« Reply #22 on: May 07, 2013, 05:37:21 am »

To me it seems that the DF-physics are closer to reality than we all thought. It seems, that if the distance between the flowing tiles and the channel is large enough, the dynamic-pressure-behavior disapers as it would in real life. it only accounts for static pressure while the total pressure remains the same.
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jez9999

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Re: Why is this flooding happening?
« Reply #23 on: May 07, 2013, 05:46:59 am »

To me it seems that the DF-physics are closer to reality than we all thought. It seems, that if the distance between the flowing tiles and the channel is large enough, the dynamic-pressure-behavior disapers as it would in real life. it only accounts for static pressure while the total pressure remains the same.
Huh??
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Spitfire

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Re: Why is this flooding happening?
« Reply #24 on: May 07, 2013, 05:58:06 am »

To me it seems that the DF-physics are closer to reality than we all thought. It seems, that if the distance between the flowing tiles and the channel is large enough, the dynamic-pressure-behavior disapers as it would in real life. it only accounts for static pressure while the total pressure remains the same.

DF ONLY accounts for static pressure. Dynamic pressure isn't simulated.
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Fenrisson

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Re: Why is this flooding happening?
« Reply #25 on: May 07, 2013, 05:59:11 am »

For all not familliar with hydrostatic behaviour:

static pressure + dynamic pressure = total pressure

the static pressure is what is experienced by the accumulated wheigt of all particles above the observer

the dynamic pressure is the kinestatic energy that is generally generated from potential energie in form of elevation or pressurisation.

One can probably find such things on Wikipedia...
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Fenrisson

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Re: Why is this flooding happening?
« Reply #26 on: May 07, 2013, 06:02:01 am »

To me it seems that the DF-physics are closer to reality than we all thought. It seems, that if the distance between the flowing tiles and the channel is large enough, the dynamic-pressure-behavior disapers as it would in real life. it only accounts for static pressure while the total pressure remains the same.

DF ONLY accounts for static pressure. Dynamic pressure isn't simulated.

by the looks of the spoilers above DF simulates the dynamic pressure as a form of horizontal  static pressure - otherwise there wouldn't be a difference between the damned an the flowing river!
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Spitfire

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Re: Why is this flooding happening?
« Reply #27 on: May 07, 2013, 11:53:22 am »

To me it seems that the DF-physics are closer to reality than we all thought. It seems, that if the distance between the flowing tiles and the channel is large enough, the dynamic-pressure-behavior disapers as it would in real life. it only accounts for static pressure while the total pressure remains the same.

DF ONLY accounts for static pressure. Dynamic pressure isn't simulated.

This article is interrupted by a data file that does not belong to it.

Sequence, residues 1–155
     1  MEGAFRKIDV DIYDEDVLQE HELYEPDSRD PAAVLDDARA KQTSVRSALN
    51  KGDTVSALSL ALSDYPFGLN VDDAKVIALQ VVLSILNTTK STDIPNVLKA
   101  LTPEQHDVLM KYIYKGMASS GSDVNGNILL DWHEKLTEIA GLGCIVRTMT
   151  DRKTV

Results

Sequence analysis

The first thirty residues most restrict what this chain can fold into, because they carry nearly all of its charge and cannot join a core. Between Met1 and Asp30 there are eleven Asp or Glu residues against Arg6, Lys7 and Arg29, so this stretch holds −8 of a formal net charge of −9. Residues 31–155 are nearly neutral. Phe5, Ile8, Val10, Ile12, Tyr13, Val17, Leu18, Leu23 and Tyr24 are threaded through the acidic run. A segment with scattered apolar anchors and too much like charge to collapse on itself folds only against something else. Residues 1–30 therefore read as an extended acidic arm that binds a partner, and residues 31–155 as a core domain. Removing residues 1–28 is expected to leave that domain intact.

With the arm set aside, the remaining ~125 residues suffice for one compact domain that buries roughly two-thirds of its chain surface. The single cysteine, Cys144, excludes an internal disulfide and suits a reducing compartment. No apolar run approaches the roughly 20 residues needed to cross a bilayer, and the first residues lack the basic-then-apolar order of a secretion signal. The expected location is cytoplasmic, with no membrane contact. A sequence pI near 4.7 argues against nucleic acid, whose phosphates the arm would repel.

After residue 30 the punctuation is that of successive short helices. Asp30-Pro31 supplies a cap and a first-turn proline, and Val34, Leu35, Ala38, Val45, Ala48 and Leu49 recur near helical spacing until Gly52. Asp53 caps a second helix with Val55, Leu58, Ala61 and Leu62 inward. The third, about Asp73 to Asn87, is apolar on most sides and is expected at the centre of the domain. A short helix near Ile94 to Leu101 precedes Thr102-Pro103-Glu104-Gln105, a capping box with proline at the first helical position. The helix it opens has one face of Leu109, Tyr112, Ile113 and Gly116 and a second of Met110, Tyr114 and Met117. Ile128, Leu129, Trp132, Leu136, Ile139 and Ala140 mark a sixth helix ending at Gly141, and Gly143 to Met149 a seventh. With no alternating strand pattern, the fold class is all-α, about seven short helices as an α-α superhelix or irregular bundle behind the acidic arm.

by the looks of the spoilers above DF simulates the dynamic pressure as a form of horizontal  static pressure - otherwise there wouldn't be a difference between the damned an the flowing river!

The dynamic part of pressure is proportional to fluid velocity. In RL the total pressure of a flowing river is HIGHER than a damned river. So the DF effect that water rises further when tapped to a damned river has nothing to do with reality.

I agree what's described in Diagram A in the wiki is a bit odd. I can find no correlation to real effects, so I'm assuming a programming artefact. (Namely fluid simulation, when having to choose if to put a tile of water at the end of a u-bend or on the outflow of the river, always opts for the outflow.)

If you can name a fluid dynamics effect that would explain the strange behaviour in Diagram A, I will listen. I can say dynamic pressure is not it.
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slothen

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Re: Why is this flooding happening?
« Reply #28 on: May 07, 2013, 01:35:14 pm »

Sorry for the long post and lack of ascii diagrams.

OK I updated the wiki article to indicate that flowing into the sea actually counts as a dammed river.

I still have one more question, to all you experts out there.  :)  In diagram A of that article, it shows that the undammed river tiles to the left do not exert pressure because they are flowing.  It then shows the one river tile to the right exerting a downward pressure to the tile below it.  My question is, why does it exert this downward pressure?  If this tile is flowing too, then wouldn't it fail to exert downward pressure, like the other flowing river tiles?  Obviously this diagram is correct as experiments have shown, but does anyone have an idea as to why, given the game mechanics?

Understanding the diagrams is what allowed me to answer your questions.  In diagram, A, the river itself is not considered pressurized because it has open space on the same z-level that water can teleport to without having to path upward.  The tile at the right is only special because it has water below it, thus this tile is also not pressurized, but it is inducing pressure on the level below.  The river itself does not need to be pressurized to generate pressure in water below it.

I'm pretty sure river source tiles behave exactly like screwpumps.  Each tick they attempt teleport a 7/7 block of water into a square that probably already has 7/7 water in it.  It first attempts to find a destination using down and sideways pathing trough other tiles that have 7/7 water.  An undamed river always has enough space to fit enough water in near the downstream edge of the map.  Failing that, it repeats the process allowing pathing up to the same level.